Would the U.S. give the Green Card to someone who says "I've never heard of a country called the United States of America, I'm just on my way to Japan."?

My point is: before you judge us, try to understand us. I mean, you wouldn't judge a Saharan country for not knowing how to deal with snowstorms.

We're a peaceful nation. But if other nations keep presenting us as radical, we will become that. It's like with children: if you keep telling a child how bright it is, it will grow up to be a self-confident and intelligent person. And if you keep telling it how stupid it is, it really will grow more and more stupid.

I hope we can learn how to treat the refugees. In a calm, unbiased, practical yet friendly way. With time. Or better, fast.

Poverty - I heard that some people in Malta thought that the CzR is a poor country. I couldn't believe my ears. The society I live in definitely seems more like a consumer society than a poverty-stricken society.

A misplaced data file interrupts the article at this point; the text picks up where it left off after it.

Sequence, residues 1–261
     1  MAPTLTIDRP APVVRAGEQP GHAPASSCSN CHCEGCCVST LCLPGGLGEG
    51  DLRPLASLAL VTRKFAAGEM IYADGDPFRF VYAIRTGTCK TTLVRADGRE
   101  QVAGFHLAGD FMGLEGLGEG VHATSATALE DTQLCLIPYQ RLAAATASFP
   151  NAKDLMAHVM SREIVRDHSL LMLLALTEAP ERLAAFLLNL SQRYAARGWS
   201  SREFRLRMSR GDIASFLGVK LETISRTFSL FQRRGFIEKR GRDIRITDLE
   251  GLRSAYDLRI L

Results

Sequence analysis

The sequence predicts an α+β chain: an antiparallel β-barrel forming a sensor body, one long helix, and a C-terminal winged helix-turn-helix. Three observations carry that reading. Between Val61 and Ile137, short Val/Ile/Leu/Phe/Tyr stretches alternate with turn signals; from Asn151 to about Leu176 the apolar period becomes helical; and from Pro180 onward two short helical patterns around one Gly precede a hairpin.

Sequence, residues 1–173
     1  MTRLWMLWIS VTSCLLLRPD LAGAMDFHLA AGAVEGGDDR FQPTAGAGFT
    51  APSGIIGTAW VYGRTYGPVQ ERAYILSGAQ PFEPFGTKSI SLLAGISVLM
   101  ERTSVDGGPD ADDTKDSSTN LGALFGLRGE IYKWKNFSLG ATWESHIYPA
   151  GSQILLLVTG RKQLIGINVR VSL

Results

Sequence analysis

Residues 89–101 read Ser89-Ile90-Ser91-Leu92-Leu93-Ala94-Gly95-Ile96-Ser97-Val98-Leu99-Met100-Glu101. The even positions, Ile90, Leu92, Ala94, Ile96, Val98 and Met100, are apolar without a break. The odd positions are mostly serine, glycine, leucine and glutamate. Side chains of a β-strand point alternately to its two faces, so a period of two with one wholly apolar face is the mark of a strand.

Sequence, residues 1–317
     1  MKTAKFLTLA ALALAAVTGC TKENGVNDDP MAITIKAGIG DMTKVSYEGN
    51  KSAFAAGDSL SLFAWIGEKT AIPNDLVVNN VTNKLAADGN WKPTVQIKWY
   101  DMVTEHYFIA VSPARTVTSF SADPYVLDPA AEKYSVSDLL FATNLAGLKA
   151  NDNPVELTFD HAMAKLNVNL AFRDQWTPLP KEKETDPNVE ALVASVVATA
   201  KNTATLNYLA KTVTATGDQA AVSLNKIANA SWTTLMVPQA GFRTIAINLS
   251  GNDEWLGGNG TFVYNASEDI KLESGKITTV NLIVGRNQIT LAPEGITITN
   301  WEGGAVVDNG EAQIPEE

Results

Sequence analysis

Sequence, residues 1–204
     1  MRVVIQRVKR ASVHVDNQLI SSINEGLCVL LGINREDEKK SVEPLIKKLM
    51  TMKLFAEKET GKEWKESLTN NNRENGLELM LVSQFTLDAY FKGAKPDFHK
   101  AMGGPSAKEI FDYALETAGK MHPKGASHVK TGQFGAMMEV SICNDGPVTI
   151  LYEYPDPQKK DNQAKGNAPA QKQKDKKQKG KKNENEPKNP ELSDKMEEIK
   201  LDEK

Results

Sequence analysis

Want an example? The title of the film "Slumdog Millionaire" had to be translated as something like "Millionaire from a Hut" because until recently, we'd had no word for "slum". Now we have, and guess what it is? Yep, you're right - "slum". There's no Czech word because there are no slums here.

Another example? University education is free here.

Also, we don't have the thinking of poor people. We have sense of cleanliness and order, and we always make the effort to repair our houses, wash the stairs, plant beautiful flowers.

Relationship with Slovakia - Some people in Latvia asked me about a supposed border dispute with Slovakia. That was Slovakia with Hungary, not us. I don't know what Slovaks would say, but I'd say our relationship with Slovakia is good.